Head Of Training, SHP Online

March 1, 2016

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Top tips for a career in health and safety

We asked some of the top players in OSH, what their tips would be for someone embarking on a career in health and safety.


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We asked some of the top players in OSH, what their tips would be for someone embarking on a career in health and safety.


Liz Skelton (1)Elizabeth Skelton, Group Head of Health and Safety, Dixons Carphone

  1. I regularly calibrate my approach by asking myself: “Why would my organisation or colleagues want to or not want to engage in a conversation about health and safety at this moment in time?”.  By reading a variety of journals and reports outside of the health and safety discipline about the business environment I can understand what competing challenges my colleagues may be facing and then I can establish where H&S is on their priority list so I know how to approach it with them.
  2. I am never afraid to challenge any information I get and ask difficult questions.  I keep asking “why?” until I get a satisfactory answer.  I always think about the challenges I will get about the information I provide to people before I provide it so I am prepared to answer any questions precisely.
  3. I always assume the best of people – in my experience it’s not because someone doesn’t want to do health and safety that they don’t do it – it is often that they don’t know their behaviour is unsafe, they don’t know what to do, or are not sure how to do it safely. I always aim to offer them help and support to do the right thing first.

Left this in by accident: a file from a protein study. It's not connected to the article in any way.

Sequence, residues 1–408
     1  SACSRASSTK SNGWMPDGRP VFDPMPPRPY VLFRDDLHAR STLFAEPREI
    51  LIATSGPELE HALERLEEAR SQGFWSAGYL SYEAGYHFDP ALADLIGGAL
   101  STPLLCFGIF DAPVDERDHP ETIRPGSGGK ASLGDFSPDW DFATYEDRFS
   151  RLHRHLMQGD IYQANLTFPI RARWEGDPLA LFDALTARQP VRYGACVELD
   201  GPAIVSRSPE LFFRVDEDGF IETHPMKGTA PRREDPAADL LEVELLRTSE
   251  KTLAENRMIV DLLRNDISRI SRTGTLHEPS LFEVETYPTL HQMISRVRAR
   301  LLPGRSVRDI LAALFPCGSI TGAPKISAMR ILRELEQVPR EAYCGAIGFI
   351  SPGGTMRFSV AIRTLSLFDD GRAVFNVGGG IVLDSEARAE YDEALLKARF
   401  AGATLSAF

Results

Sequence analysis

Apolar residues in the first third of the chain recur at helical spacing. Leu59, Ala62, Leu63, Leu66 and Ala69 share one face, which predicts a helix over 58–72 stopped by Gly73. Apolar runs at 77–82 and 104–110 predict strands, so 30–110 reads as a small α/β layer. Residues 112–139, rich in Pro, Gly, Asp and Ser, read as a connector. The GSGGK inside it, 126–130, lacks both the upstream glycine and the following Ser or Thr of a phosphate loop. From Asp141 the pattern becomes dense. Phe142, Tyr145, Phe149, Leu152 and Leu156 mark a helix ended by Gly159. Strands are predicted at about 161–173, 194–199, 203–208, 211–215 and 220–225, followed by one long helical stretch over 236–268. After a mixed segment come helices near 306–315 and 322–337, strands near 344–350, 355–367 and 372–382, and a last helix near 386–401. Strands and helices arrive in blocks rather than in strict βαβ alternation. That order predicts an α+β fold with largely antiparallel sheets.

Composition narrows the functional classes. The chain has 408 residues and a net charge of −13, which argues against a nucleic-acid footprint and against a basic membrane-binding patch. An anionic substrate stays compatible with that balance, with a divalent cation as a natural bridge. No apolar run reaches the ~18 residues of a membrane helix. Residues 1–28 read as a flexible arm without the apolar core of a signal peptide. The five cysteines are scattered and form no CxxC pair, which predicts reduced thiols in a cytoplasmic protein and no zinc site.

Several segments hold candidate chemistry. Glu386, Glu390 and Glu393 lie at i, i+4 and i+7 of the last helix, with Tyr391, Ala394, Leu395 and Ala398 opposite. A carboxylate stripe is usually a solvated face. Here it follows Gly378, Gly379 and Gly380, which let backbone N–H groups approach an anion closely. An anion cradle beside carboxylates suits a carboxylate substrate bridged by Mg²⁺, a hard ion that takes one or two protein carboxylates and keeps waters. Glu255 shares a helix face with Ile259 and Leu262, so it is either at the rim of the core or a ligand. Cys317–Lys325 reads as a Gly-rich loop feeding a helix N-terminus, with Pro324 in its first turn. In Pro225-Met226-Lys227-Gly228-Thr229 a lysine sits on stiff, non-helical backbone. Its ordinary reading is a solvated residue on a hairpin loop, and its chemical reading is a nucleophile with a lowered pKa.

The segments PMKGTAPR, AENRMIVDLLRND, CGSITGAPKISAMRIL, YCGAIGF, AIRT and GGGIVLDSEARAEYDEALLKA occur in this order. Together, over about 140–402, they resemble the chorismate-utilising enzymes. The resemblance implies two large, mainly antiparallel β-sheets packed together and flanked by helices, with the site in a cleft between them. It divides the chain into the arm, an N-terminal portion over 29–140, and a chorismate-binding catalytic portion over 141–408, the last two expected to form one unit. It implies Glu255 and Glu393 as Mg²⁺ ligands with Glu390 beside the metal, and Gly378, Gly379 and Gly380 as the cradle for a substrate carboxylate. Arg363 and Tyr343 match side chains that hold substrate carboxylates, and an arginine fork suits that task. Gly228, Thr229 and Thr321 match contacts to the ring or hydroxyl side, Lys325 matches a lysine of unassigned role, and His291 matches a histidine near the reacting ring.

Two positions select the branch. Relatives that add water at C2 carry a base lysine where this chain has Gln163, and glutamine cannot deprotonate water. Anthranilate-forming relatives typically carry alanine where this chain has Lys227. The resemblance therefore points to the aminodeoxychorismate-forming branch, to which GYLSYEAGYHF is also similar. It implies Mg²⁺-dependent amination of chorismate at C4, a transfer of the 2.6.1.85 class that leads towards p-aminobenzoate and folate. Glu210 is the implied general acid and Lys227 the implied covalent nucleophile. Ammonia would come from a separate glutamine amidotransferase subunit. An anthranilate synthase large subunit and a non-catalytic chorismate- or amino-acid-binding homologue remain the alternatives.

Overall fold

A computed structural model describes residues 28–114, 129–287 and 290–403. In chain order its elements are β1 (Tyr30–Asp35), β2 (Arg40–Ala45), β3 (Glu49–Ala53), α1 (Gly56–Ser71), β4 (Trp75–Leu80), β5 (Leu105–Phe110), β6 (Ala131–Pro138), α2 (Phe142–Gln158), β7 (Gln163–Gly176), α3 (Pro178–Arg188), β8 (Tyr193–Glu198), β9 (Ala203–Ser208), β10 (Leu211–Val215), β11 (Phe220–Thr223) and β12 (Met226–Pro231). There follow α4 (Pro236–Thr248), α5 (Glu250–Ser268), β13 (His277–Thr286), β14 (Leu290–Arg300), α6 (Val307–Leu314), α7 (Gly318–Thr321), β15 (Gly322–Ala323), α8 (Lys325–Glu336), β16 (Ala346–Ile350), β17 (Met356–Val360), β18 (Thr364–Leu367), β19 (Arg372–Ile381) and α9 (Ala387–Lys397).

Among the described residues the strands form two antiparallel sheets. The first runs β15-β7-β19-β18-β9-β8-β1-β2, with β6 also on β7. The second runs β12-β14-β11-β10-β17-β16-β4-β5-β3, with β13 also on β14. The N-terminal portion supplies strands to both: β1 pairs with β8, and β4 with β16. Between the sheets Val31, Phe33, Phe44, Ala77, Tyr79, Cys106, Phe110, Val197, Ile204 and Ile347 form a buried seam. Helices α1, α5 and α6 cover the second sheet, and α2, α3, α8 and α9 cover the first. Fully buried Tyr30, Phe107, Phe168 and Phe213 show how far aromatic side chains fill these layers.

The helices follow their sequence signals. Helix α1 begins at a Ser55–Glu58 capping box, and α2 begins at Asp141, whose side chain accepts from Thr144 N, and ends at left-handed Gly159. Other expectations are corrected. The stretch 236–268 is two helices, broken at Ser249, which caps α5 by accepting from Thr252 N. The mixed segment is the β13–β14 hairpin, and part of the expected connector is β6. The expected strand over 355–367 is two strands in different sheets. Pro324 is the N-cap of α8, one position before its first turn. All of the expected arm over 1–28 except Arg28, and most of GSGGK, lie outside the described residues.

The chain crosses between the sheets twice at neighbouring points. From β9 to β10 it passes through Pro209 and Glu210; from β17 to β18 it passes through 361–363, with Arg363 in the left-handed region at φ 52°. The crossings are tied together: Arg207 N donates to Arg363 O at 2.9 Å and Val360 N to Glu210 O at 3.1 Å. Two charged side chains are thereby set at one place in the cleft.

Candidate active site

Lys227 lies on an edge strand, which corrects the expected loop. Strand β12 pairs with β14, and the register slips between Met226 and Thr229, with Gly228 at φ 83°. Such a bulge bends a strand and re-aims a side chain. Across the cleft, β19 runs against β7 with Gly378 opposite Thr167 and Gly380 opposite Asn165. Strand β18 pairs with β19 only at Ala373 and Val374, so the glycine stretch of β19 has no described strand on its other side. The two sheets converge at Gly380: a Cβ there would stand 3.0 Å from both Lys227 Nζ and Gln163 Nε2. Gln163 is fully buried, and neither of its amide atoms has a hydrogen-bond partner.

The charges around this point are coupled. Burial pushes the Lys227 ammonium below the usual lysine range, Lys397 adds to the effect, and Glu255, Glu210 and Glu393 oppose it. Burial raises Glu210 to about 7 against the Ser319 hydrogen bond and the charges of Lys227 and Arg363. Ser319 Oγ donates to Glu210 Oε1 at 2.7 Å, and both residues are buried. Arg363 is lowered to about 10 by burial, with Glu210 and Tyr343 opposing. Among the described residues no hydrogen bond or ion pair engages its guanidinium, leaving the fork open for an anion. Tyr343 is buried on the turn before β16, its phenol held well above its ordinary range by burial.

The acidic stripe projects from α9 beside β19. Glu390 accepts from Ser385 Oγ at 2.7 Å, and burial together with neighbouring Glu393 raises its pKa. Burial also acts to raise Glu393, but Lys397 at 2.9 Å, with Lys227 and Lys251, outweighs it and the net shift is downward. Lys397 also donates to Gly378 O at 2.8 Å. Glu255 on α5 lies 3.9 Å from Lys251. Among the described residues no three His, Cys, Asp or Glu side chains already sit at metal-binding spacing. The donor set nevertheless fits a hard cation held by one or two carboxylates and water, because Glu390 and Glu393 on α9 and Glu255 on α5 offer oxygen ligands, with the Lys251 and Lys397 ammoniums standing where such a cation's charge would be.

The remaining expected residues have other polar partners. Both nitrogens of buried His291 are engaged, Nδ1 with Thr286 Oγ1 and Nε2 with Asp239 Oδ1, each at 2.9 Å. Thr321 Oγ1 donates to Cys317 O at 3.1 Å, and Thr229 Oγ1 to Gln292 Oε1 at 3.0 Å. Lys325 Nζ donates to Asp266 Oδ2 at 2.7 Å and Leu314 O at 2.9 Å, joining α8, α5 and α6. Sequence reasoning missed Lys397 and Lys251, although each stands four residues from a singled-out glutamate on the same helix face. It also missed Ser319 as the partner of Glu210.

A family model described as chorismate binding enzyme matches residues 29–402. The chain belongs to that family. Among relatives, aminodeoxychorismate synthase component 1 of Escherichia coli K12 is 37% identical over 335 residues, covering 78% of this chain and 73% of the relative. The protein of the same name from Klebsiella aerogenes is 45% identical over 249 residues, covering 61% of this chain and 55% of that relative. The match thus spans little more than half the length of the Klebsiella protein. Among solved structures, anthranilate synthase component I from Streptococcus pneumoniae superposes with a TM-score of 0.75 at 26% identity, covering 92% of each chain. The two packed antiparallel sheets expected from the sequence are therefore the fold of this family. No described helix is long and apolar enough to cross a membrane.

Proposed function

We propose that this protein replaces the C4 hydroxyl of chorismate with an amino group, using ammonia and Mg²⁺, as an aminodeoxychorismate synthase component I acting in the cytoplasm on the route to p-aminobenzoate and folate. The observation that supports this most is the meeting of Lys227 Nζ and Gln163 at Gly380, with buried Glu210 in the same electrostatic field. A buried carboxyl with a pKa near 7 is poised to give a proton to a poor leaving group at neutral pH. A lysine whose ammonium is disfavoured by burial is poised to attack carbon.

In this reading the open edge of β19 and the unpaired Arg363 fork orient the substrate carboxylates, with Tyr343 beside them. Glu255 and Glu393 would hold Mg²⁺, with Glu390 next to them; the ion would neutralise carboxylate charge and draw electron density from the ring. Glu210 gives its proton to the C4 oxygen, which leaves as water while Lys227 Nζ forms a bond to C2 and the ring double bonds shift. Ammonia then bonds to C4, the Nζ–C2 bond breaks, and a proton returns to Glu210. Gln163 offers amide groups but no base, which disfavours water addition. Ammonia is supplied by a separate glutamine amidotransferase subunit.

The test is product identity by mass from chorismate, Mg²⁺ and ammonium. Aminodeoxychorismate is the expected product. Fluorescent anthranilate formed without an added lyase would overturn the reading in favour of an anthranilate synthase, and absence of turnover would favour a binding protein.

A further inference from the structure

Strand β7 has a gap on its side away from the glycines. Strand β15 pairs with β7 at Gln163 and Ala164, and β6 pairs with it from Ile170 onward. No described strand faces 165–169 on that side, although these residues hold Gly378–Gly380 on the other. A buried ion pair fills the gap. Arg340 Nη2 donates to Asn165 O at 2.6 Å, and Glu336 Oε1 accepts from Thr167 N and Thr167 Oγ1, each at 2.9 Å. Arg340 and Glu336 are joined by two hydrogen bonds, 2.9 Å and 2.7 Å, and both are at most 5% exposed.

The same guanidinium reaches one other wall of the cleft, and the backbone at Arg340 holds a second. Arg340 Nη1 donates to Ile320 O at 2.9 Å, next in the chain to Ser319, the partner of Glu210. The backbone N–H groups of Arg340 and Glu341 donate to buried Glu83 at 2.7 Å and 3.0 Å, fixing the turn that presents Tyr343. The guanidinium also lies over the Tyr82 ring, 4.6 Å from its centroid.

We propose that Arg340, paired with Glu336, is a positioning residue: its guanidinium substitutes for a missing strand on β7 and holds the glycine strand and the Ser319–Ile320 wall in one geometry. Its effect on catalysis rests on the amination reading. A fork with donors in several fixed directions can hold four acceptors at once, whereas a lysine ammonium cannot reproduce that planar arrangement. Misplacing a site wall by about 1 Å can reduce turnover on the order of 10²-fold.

Dominic-CooperDr Dominic Cooper, CEO at B-Safe Management Solutions

  1. Choose a niche in Health and Safety you like, and that you are (or want to be) good at, and are passionate about making a difference.
  2. Constantly keep abreast of developments in your area of expertise, and where possible make useful contributions that others can share and use (e.g. write articles for fellow professionals).
  3. Keep track of the differences you make (or have made) within H&S in the workplace, and within the profession, so you can point to your successes, and learn from failures (i.e. seek out and record the evidence).Doing all of these things will lead to many employment opportunities and advancement.

 Lawrence Waterman Head of Health and Safety for ODA and LLDC

  1. Like every other job, the technical stuff matters but people matter most. This applies to how you do the day-job, how you speak to and treat others. The key to success lies in what other people think of you – the higher you are in their estimation the more you can influence their way of working from the shop floor to the Board Room. Develop those people skills.
  2. Be helpful, surprise your colleagues with how much H&S is focused on assisting them achieve what they want, but safely and healthily. This creates allies and supporters, and anyway it is what H&S should be. From the start of my career I was convinced that focusing on rules and compliance was wrong, it was always about building relationships with people exposed to risk or managing risk, and helping them.
  3. Develop your communication skills – practice, deliberately observe good communicators trying to work out how they do it and then create your own approach.

dawn hemmingsDawn Hemmings MSc CMIOSH, Head of Occupational Health and Safety at Bentley Motors Ltd

  1. Don’t be black and white when it comes to health and safety, nine times out of ten you need to be able to compromise, but compromise safely. Everyone is then happy.
  2. When going for interviews make sure you prepare with some good examples, e.g. dealing with conflict, overcoming problems etc., all too often interviewees are not prepared.
  3. Be prepared to think on the feet, most of the time you will need to be able to make decision on the go.

Do you have some top tips to offer the OSH professionals of the future? Email [email protected], and share your wisdom!

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Farid Mohadi
Farid Mohadi
4 years ago

Interesting posts .Valid points and helpful advice.
Thank you.

What Skills Should The Health And Safety Experts Have
4 years ago

[…] Elizabeth Skelton said in a recent article: […]